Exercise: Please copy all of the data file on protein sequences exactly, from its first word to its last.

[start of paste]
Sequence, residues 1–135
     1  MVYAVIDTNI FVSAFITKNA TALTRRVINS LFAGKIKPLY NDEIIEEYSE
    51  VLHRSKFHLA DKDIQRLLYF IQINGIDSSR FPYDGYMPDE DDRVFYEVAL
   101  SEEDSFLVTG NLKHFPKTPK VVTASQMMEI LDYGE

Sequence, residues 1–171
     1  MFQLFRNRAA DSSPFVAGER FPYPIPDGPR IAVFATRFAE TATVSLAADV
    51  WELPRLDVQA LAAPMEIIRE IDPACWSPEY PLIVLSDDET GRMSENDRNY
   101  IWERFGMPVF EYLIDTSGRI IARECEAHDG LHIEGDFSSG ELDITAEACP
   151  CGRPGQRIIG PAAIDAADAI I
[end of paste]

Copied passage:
Sequence, residues 1–135
     1  MVYAVIDTNI FVSAFITKNA TALTRRVINS LFAGKIKPLY NDEIIEEYSE
    51  VLHRSKFHLA DKDIQRLLYF IQINGIDSSR FPYDGYMPDE DDRVFYEVAL
   101  SEEDSFLVTG NLKHFPKTPK VVTASQMMEI LDYGE

Sequence, residues 1–171
     1  MFQLFRNRAA DSSPFVAGER FPYPIPDGPR IAVFATRFAE TATVSLAADV
    51  WELPRLDVQA LAAPMEIIRE IDPACWSPEY PLIVLSDDET GRMSENDRNY
   101  IWERFGMPVF EYLIDTSGRI IARECEAHDG LHIEGDFSSG ELDITAEACP
   151  CGRPGQRIIG PAAIDAADAI I